W: Mhm, yeah, but it's kept quiet by some really ornery security guards that kick you when you fall asleep and stuff... I think they were fired in the renovation but I have this ongoing war with the security guards there. They would always give me dirty looks, and I would give them dirty looks back. Aside from that, I love that library (laughs).

R: What is your favorite book that takes place in the future?

W: I like Station 11, that was pretty amazing. I also liked The Bone Clocks by David Mitchell. Those are two of my more recent favorites. David Mitchell is one of my favorite authors; he's a speculative kind of guy, really has a unique mind.

R: What books are currently on your nightstand?

W: I'm reading La Rose by Louis Erdrich, and my book club is reading The Picture of Dorian Gray. The new E. Annie Proulx book, which is called Barking..? Something? [Editor's note: the title is Barkskins] Those are the big ones.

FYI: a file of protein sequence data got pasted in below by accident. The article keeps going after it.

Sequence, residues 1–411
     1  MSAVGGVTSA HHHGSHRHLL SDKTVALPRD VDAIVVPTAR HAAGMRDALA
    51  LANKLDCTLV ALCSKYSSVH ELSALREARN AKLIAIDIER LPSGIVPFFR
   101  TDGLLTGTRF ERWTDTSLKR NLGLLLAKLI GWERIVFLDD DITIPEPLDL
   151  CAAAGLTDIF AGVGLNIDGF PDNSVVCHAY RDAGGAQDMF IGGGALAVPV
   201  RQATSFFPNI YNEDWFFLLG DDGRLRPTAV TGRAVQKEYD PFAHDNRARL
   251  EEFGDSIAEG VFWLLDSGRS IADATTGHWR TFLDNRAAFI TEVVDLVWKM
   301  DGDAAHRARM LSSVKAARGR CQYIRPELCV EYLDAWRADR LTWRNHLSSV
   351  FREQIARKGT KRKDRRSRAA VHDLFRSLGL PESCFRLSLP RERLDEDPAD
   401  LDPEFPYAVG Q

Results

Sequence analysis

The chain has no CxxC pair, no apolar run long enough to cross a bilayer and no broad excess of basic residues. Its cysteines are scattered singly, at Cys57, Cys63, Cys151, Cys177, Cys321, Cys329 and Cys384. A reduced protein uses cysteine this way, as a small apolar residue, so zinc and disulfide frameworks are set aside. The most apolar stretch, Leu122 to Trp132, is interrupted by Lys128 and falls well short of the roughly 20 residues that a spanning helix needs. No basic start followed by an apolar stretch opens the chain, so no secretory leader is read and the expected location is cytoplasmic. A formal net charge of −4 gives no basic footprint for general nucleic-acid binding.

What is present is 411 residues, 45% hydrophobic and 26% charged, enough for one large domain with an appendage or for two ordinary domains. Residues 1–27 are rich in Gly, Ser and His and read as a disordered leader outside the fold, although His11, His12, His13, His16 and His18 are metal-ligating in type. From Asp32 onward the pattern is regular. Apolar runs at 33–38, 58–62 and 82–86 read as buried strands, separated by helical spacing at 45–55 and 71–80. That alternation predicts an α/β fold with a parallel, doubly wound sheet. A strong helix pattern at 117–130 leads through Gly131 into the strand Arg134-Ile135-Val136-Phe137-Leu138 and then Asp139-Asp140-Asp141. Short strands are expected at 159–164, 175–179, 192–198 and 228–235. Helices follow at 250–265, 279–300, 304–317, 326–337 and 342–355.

R: Is Louise Erdrich..?

W: She's a Native American writer, I have a thing for Native American fiction.

R: Oooh! That's going in the blog post.

R: Who is your favorite fictional hero or heroine?

W: I have to think about that for a second. A long time ago, I really loved the book Orlando by Virginia Woolf, and the protagonist was a sort of soul who traveled through time. So Orlando was a different gender like every century or something, and it was a really cool idea for a book, I thought, and I love the soul, the character, Orlando. I have to revisit it, because I'm not sure I still love it... But I also read, when I was your age, I loved The Mists of Avalon, and it was Morgan Le Fay, and they did a feminist revision of the King Arthur tales and I remember really loving that book and having that book blow my mind for some reason.